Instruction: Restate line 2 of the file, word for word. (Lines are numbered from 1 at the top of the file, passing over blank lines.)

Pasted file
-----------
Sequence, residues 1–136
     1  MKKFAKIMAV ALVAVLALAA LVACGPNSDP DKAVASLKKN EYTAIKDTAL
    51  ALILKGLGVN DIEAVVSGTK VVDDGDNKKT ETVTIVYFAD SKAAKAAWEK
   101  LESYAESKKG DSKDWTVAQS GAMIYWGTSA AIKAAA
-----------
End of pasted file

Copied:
     1  MKKFAKIMAV ALVAVLALAA LVACGPNSDP DKAVASLKKN EYTAIKDTAL